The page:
• Find your break:

Your guide to Scottish Borders

The Scottish Borders at a glance:

  • Rich variety of landscapes.
  • Pretty villages and towns.
  • Freshest food from locally sourced ingredients.
  • Endless opportunities for walking and cycling.
  • Historic houses, castles and abbeys.

Your guide to the Scottish Borders

Spanning some 18,000 square miles, the wonderfully varied landscape of the Scottish Borders provides visitors with the perfect backdrop for a relaxing break.

Rolling hills, gentle valleys, open moorland, rocky coastline speckled with hidden coves and picture-postcard fishing villages: this unspoilt area is the perfect place to unwind and recharge.

Relax in the Scottish Borders and take in this incredibly varied landscape, which is the perfect place to unwind and escape from the hustle and bustle of modern day life. Discover the very best of this now tranquil region, peppered with fairy-tale castles, magnificent homes and grand abbeys that offer a glimpse into its colourful and sometimes tempestuous history.

Discover St Marys Loch that's nestled in the Yarrow Valley amongst the rolling hills to the West of the borders, close to Ettrick Forest where William Wallace rallied allies to raid the English settlements nearby. This awe-inspiring historic site is the perfect serene spot for walking, cycling, sailing or fishing in inspiring surroundings of uninterrupted natural beauty.

Explore the East, which borders the North Sea, and visit St Abbs, a pretty seaside village, or Cove, a quaint former fishing village. Wander through the picturesque towns of Melrose and Peebles with their dainty cafés, wonderful vistas and a plethora of year-round outdoors activities; or discover the many historic buildings in this area with their fascinating and sometimes bloody tales of the past.

You can also tuck into a hearty meal at one of the region’s many restaurants where local chefs take pride in using locally-sourced ingredients taken from the nearby farms, alongside freshly caught mouthwatering seafood from the coastal areas. Specialist producers sell their wares at farmer’s markets hosted at Hawick, Jedburgh, Kelso and Peebles on certain days during the month and a visit is a must during your stay, with everything from real ale and traditional cheeses to wild game and organic poultry on offer.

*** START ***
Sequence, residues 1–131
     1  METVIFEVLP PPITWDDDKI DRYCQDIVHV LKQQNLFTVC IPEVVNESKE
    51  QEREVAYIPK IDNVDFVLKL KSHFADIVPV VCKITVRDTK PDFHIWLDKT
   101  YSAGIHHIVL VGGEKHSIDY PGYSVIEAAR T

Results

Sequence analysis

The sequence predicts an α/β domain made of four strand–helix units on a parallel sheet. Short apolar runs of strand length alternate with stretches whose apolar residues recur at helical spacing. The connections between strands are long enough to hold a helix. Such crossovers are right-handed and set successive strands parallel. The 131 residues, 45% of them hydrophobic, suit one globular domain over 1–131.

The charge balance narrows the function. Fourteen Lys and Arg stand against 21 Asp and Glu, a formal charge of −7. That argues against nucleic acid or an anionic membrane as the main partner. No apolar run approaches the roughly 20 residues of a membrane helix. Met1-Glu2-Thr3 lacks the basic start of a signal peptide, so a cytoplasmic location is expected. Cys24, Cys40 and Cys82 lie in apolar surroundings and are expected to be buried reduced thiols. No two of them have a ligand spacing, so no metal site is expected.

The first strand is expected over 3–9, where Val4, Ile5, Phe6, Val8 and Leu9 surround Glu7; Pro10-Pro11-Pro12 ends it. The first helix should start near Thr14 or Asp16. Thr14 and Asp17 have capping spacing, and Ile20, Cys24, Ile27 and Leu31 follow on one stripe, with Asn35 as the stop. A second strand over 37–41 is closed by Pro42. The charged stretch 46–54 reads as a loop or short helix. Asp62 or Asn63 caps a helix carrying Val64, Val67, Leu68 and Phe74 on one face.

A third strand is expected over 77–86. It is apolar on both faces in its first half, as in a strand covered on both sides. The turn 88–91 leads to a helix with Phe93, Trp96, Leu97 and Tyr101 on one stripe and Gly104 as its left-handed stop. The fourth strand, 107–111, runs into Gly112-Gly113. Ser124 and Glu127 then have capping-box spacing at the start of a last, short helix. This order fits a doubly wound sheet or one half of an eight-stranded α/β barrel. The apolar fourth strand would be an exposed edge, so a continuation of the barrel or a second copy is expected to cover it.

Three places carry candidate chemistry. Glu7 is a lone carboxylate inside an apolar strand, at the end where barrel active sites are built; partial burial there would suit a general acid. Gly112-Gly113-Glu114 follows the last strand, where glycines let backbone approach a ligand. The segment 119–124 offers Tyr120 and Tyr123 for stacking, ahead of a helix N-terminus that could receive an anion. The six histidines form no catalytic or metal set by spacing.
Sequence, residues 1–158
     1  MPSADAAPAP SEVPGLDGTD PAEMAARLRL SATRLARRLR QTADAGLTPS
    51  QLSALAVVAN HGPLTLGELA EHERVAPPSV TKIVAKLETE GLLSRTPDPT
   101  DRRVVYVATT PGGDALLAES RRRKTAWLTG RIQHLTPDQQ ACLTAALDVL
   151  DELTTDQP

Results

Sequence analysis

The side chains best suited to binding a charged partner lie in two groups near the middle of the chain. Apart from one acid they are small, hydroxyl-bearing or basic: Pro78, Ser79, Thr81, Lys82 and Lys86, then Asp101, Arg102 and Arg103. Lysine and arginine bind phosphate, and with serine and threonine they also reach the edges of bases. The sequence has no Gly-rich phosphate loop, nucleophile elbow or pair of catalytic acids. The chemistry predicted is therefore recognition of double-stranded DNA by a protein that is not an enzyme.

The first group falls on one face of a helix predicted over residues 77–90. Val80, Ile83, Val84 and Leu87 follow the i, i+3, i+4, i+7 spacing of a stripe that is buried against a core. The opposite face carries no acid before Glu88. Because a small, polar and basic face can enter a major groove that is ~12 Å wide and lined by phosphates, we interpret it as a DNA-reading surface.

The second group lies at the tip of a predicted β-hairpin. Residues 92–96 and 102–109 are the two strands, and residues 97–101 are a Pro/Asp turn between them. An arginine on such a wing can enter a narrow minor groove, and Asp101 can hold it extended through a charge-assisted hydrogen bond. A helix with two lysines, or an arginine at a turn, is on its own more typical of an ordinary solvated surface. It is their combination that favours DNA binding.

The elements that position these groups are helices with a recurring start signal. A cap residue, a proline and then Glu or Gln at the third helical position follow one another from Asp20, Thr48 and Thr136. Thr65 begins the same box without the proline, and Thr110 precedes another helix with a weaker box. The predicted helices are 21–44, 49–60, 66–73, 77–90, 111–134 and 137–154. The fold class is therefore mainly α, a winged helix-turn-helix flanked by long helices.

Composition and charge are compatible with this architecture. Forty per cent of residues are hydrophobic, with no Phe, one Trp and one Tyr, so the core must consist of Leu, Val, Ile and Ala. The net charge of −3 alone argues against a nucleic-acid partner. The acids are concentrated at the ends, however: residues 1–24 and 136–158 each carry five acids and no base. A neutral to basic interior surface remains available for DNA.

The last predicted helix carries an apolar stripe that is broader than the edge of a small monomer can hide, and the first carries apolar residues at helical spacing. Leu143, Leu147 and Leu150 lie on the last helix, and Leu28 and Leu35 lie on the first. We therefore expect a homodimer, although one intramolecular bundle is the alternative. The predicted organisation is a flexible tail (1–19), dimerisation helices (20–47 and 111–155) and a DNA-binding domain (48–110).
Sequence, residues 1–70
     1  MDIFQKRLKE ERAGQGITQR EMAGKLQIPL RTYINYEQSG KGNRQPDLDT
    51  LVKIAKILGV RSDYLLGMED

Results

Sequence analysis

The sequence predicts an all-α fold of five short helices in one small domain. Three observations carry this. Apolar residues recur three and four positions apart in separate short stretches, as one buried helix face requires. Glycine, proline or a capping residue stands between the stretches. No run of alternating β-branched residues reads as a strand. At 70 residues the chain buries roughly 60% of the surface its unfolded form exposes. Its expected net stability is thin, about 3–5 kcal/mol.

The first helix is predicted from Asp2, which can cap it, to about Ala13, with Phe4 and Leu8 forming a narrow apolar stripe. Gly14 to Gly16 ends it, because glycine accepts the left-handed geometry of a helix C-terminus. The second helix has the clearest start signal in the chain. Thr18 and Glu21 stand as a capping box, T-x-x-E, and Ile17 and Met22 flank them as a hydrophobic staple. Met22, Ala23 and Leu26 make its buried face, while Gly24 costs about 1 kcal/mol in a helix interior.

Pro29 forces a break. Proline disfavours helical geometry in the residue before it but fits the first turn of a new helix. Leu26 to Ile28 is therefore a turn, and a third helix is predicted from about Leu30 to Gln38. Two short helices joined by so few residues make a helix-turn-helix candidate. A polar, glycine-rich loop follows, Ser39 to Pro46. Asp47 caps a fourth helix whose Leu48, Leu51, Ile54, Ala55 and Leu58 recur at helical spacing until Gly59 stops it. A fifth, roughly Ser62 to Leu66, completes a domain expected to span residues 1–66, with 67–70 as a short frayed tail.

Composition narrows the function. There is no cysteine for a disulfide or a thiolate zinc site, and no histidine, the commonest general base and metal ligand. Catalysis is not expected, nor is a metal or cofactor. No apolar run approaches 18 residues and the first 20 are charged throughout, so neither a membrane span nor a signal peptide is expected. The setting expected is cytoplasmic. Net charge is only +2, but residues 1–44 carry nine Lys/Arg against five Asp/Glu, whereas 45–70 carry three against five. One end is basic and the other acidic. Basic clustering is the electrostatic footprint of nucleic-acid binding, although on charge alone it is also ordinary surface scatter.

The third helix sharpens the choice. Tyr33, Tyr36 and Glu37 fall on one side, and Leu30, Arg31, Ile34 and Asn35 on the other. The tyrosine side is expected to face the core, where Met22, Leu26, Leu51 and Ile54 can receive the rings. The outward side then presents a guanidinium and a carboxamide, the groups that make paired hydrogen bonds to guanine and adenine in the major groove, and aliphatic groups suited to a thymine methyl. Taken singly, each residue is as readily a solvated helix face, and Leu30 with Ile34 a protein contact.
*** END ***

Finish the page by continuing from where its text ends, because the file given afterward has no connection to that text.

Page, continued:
Take a trip back through time and learn of the rich Borders history: once home to Christian monks who occupied the grand Border Abbeys, and latter the scene of the bloody battle at Flodden Field, where around 60,000 armed men faced each other after the invasion of King James. The Borders were also home to the famous writer Sir Walter Scott, who lived close to Melrose, he immortalised the battle in his poem, ‘Marmion; A Tale of Flodden Field’. The area fires the imagination with its many tales to tell, and the sheer beauty of the landscape makes it a superb choice for walking and cycling.

Melrose is the perfect place to stay when exploring this wonderful area. Located centrally, it allows easy access to the many faces of this scenic region. Our Bay Hotel in Melrose offers a friendly welcome and warm Scottish hospitality in comfortable surroundings, with plenty to see and do close by.


What our guests have to say

Local Attractions

Cocoa Black Chocolate and Pastry School

For serious chocoholics, the Chocolate and Pastry School in Peebles, run by Ruth Hinks, offers classes in preparing delicious treats for participants of all ages and abilities. Since the school was opened by His Royal Highness Prince Edward, it has welcomed more than 10,000 students under the watchful eye of Ruth, the UK World Chocolate Master.

Abbotsford House

The famous Abbotsford House, once home to Sir Walter Scott, is a must-see if you're visiting Melrose. Built almost 200 years ago on the banks of the River Tweed, the house offers guests the opportunity to see some of the amazing items which inspired Sir Walter Scott to write his many novels, poems and Scottish literature. The ever-changing exhibits at Abbotsford give both tourists and enthusiasts a reason to return and enjoy this historic building time and time again.

Pease Bay

A wonderful spot to explore, Pease Bay’s miles of sand and spectacular seascape makes it popular with visitors of all ages. Relax in these wonderful surroundings or take a stroll through the idyllic scenery, soaking up the sights, sounds and smells of this magnificent coastline. Nearby, there are plenty of pretty resorts to stop for a coffee or lunch.

Hadrian's Wall

This astounding landmark has existed for hundreds of years and spans 73 miles (80 Roman miles) from coast to coast. Various trails take you along sections of the wall and allow you to explore some of the lesser known historic sites along the way.

Robert Smail's Printing Works

This is an operational print shop with hundreds of years of history that provides a wonderful insight into printing history. From 1866, the presses here have produced cards and stationery for the local businesses, together with newspapers for the townsfolk. Today, the presses still function, despite some of them dating back to Victorian times.

Jedburgh Castle and Jail

Wander through the original prison cell blocks, find out what life was like in a prison in the 1820s, hear the tales of the Jail’s inmates and see how their cells would have looked when it was operational. You can also visit the Governor's House and discover Jedburgh’s history with a fascinating glimpse into the lives of its people and industries.

Location & Map

Hotels in this region

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